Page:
The Brits in particular were quick through here, Meeke although losing time to Ogier, sitting just 15 seconds off the lead while Evans was back up to 8th with 5th fastest time on stage. Meanwhile, under-performing super-rally returnee, Thierry Neuville had gone quickest in both Gartheiniog and Dyfi before ending his rally for good later in the day with a large off in Dyfnant.
Whilst rain was forecast I at least expected a couple of breaks in the downpour but instead it was coming down even harder by the time of the second run. Having made our way back to a slight left towards the main Corris spectator area, it would not have surprised me to have seen Noah’s Ark first on the road but thankfully the likes of Ogier, Meeke and Evans were still in full attack mode. Ogier was more flambouyant than ever before, clearly fearing what the super quick Northern Irishman could produce.
The original plan of heading to Aberhirnant for the night stage had long been scrapped by the time we were back at the car following the passing of the National field; instead opting for home made stew, Stella, red wine, David Bowie and Scrabble!
But whilst we struggled to place words on the board, Ogier continued his strong run through Saturday’s foul weather to open up a 35 second lead margin by the time the cars reached the overnight halt. Meeke however had done an incredible job in lets face it, inferior machinery, eeking out 25 seconds to Andreas Mikklesen, while Evans had climbed to 7th partially as a result of problems for Ostberg in the second DS3.
With just the Short Sunday leg remaining Ogier could cruise to victory. And that he did, going on to claim what turned out to be a very emotional 26 second rally win following the horrific events in Paris on Friday evening. As it happens managing to run the 36 kilometre leg at all turned out to be a minor miracle following the discovery of a skeleton, high winds and yet even more heavy rain! Meeke however was able to battle hard against the troublesome conditions and keep a flying Norwegian, in form of Andreas Mikkelsen at bay; recording the best result for a Briton on Rally GB since the late Richard Burns took victory in 2000.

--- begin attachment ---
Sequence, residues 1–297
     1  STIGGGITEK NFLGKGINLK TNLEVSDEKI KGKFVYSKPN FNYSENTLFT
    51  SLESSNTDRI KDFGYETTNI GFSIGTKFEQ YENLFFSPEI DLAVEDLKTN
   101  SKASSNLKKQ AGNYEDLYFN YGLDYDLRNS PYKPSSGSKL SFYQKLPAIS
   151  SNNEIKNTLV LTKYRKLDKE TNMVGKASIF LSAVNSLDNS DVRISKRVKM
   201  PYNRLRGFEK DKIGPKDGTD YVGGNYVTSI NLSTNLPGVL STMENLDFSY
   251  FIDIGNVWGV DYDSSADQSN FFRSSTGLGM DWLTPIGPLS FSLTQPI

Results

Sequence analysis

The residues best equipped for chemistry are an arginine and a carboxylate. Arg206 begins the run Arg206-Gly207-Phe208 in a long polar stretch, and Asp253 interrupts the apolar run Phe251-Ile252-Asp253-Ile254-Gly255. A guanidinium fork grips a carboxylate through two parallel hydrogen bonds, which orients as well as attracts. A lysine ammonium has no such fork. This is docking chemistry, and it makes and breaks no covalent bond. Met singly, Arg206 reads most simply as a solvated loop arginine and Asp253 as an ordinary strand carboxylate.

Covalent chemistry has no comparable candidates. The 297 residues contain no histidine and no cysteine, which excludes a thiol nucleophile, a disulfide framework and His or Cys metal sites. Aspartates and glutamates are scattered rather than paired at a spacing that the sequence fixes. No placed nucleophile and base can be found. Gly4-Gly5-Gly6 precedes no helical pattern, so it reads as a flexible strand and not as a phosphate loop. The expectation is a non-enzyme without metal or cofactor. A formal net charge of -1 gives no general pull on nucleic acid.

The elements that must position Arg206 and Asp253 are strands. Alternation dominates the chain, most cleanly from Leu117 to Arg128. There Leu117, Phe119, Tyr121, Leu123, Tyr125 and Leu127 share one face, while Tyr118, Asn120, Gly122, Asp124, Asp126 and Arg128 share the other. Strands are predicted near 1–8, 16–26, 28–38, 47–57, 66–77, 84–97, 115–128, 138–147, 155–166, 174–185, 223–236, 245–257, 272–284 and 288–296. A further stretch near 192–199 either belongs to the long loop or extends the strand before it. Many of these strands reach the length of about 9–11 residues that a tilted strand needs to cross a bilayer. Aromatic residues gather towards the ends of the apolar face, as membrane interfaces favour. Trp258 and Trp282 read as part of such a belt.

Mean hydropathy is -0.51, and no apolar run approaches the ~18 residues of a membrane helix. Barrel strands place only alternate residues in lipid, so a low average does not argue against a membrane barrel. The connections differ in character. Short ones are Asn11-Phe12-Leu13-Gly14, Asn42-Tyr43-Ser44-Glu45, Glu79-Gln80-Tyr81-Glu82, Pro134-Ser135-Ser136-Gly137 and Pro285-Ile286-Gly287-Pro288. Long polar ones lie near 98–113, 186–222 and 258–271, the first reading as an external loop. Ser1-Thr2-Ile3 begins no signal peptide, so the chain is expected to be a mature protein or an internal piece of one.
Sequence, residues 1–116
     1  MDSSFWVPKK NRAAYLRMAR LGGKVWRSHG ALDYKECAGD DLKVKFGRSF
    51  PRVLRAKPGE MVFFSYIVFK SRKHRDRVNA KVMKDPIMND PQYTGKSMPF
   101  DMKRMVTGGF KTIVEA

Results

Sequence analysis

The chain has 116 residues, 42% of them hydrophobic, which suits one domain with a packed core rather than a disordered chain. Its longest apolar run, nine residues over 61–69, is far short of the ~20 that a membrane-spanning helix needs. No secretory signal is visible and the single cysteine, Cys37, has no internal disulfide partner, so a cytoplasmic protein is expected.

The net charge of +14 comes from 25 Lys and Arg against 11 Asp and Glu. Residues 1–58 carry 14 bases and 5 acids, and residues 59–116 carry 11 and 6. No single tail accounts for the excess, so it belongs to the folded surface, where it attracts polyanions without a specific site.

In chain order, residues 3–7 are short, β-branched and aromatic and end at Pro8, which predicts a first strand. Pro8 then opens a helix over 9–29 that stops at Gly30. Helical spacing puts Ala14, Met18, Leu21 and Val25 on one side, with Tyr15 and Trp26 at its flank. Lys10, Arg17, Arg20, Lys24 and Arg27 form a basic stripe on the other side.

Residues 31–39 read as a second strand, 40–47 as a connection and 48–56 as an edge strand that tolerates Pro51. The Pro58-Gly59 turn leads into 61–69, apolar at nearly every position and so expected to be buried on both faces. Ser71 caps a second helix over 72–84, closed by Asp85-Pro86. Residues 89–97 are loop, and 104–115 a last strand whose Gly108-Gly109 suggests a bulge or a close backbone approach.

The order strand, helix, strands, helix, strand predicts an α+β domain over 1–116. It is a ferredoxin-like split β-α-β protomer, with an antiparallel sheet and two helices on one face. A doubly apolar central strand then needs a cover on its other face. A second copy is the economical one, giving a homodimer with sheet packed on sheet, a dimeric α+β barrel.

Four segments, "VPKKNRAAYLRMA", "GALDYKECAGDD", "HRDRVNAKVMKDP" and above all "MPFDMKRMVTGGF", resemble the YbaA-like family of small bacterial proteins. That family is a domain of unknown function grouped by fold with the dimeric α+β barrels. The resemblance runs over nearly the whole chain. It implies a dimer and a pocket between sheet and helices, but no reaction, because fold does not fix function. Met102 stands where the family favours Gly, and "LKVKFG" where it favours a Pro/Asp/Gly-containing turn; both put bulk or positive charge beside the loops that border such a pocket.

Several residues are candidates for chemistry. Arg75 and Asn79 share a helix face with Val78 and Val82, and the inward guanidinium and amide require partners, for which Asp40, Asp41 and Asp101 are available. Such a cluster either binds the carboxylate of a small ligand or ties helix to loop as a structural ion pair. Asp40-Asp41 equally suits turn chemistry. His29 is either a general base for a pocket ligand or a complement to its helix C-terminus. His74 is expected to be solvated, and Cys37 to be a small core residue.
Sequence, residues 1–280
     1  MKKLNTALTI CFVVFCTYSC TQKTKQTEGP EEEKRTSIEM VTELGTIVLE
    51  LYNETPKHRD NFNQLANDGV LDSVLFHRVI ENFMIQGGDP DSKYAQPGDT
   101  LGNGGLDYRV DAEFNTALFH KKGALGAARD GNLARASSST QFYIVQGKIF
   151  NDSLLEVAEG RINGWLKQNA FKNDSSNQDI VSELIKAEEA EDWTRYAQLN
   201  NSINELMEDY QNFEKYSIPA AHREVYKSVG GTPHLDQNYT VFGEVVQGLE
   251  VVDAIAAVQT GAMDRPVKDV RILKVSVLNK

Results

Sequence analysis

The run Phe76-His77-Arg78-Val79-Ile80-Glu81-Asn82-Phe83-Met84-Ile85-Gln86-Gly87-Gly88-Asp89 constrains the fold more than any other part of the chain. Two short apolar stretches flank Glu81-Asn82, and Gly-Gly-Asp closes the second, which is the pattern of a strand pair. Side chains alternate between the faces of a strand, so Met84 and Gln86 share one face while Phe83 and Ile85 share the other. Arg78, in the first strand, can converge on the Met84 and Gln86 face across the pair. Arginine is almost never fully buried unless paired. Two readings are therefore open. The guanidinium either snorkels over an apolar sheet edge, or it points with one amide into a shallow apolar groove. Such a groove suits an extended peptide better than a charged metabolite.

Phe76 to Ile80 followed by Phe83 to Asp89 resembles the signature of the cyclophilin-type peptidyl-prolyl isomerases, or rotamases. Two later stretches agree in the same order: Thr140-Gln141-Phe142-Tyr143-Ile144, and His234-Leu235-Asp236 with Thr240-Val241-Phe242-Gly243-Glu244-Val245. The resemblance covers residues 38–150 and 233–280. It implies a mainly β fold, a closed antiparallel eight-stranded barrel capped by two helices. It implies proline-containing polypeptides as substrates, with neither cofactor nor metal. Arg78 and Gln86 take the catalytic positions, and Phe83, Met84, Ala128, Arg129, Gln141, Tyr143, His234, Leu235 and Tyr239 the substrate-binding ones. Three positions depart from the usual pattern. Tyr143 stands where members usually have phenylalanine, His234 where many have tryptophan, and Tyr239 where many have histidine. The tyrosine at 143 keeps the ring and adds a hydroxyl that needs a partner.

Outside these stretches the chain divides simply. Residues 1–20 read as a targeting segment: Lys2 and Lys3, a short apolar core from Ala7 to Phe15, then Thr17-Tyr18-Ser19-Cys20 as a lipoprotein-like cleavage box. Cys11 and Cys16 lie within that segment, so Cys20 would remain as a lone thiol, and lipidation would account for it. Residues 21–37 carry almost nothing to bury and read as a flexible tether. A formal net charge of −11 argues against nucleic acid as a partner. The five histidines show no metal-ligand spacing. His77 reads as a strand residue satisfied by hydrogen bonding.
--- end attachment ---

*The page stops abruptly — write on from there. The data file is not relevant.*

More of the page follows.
In what turned out to be a trying event for Elfyn Evans, the Welshman did however manage to claw his way back to sixth position overall by the end of the event following the demise of team-mate Ott Tanak. Evans would however be left ruing his day 1 puncture, without which, 4th position was very much on the cards. Surely both he and Meeke have done enough to secure drives in 2016, but unfortunately speed is not necessarily the deciding factor.
For us, despite the conditions, Wales Rally GB 2015 had been a good one. Over the thirty years of attending Britain’s round of the WRC, the car control possessed by the fastest drivers in the world, combined with their commitment into the corners never fails to amaze me; the speed carried through the fast section of Dyfi 2 will be one of those moments that sticks in the memory for years to come! Roll on 2016, where hopefully the new October date will bring substantially better weather …
All images © Paul Commons (Paul Commons Motorsport Photography)